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Female Business Owners Benefit From Flexibility

Research on Female Business Owners Shows More Housework, Fewer Work Hours

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Female Business Owners Benefit From Flexibility
Photo credit: Jason Florio/Getty Images

If you've imagined that you could quit your job and start your own business to achieve better work-life balance, you may be on the right track.

Female business owners use the flexibility that comes with self-employment, spending more time on child care and housework than people who work for an employer, according to a research report released by the U.S. Small Business Administration in February 2009.

Female business owners spend 3.5 more hours per week in household activities than wage-earning women and six more hours than men, the study found.

"Previous studies have established that women enter self-employment for reasons other than potential earnings and that life-style factors heavily influence their decision," Shawne McGibbon, acting chief counsel for advocacy at the SBA, said in a statement. "This study documents that self-employed women's time-use patterns are in fact different from those of wage-and-salary earning women. Self-employed women spend less time on work-related activities and more time on household activities and child care."

Male Vs. Female Business Owners

Women are 57 percent less likely to become entrepreneurs than men, with the lowest rates of self-employment among black and foreign-born women. Female business owners make up less than 7 percent of women in the labor force, compared with the more than 12 percent of men who are self-employed, the SBA said.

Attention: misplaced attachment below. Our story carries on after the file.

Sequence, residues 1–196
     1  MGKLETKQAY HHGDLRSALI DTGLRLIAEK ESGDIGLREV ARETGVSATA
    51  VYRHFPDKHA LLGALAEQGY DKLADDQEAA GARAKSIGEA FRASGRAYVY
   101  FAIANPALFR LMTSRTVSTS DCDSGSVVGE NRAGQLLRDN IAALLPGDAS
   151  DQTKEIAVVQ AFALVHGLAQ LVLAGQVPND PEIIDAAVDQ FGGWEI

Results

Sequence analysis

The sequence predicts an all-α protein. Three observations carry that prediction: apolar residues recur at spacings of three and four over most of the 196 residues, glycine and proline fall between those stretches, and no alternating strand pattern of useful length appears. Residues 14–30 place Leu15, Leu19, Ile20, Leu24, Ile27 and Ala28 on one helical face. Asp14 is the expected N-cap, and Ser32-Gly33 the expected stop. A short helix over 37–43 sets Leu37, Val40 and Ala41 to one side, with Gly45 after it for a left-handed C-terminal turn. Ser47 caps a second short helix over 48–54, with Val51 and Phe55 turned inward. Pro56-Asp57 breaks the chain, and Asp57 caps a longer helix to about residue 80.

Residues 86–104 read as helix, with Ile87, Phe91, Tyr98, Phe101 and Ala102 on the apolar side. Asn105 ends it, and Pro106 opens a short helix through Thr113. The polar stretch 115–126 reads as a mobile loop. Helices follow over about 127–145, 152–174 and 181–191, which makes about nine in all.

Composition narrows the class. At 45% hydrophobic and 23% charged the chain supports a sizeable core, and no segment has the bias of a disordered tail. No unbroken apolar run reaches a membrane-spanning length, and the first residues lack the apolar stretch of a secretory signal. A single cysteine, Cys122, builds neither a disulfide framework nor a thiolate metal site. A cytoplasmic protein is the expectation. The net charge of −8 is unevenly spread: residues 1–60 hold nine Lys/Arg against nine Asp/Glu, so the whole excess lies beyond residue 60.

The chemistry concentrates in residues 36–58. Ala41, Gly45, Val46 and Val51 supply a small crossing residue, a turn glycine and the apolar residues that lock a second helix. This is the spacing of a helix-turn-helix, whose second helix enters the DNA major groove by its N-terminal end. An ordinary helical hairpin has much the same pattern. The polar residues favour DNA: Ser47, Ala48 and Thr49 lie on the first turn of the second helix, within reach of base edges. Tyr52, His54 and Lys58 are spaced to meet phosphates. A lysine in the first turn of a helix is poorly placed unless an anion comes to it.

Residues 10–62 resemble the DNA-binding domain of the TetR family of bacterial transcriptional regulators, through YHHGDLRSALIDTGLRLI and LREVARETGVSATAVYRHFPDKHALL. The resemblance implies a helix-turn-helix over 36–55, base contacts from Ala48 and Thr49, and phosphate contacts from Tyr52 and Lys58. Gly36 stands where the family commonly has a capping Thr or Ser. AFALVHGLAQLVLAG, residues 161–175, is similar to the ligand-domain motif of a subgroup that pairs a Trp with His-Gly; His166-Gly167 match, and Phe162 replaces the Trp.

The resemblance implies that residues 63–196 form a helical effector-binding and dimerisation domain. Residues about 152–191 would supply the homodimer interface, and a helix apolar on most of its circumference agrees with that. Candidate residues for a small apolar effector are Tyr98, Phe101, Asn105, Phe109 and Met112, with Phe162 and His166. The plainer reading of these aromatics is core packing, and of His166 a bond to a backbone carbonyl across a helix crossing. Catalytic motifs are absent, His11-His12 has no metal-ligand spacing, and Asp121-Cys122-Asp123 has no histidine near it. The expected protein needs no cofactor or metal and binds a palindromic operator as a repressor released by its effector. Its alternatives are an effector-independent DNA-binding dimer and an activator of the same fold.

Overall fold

The largest difference between male and female business owners was found in secondary child care, when the parent is the same location as the child but primarily doing another activity. Female business owners spend 6.4 hours more per week than men in secondary child care.

Self-employed women work about 10 fewer hours a week and spend three more hours on primary child care relative to self-employed men, the researchers said.

Being married has opposite effects on how male and female business owners use their time, the study found. Self-employed women who are married work 4.5 hours fewer than their unmarried counterparts, while married self-employed men work almost four more hours a week than unmarried self-employed men.

Female Entrepreneurs Vs. Salaried Workers

Female business owners spend less time than wage-and-salary workers -- either men or women -- on work-related activities and more time on household activities. But female workers already spend two more hours a week on child care than their male colleagues.

Each additional child in a household results in 2.4 fewer work hours per week for self-employed women and 1.5 fewer hours per week for women who are employed by another organization, the study found.

Who Becomes Self-Employed?

Higher-earning women are more likely to enter self-employment than their lower earning peers. Women with advanced degrees are more likely to become business owners, especially in the financial, education and health sectors, and other service jobs, the study said.

The authors said their findings support policies that enhance work-life balance, offset racial disparities in entrepreneurship and encourage education as a way to encourage more women to enter self-employment in order to balance family life with the desire or need to earn a living.

The paper on female business owners was written by Tami Gurley-Calvez of West Virginia University, Katherine Harper of the University of Tennessee and Amelia Biehl of the University of Michigan-Flint. It was based on 2003-2006 data from the American Time Use Survey, which is sponsored by the Bureau of Labor Statistics and conducted by the U.S. Census Bureau.

Source: the U.S. Small Business Administration, Office of Advocacy

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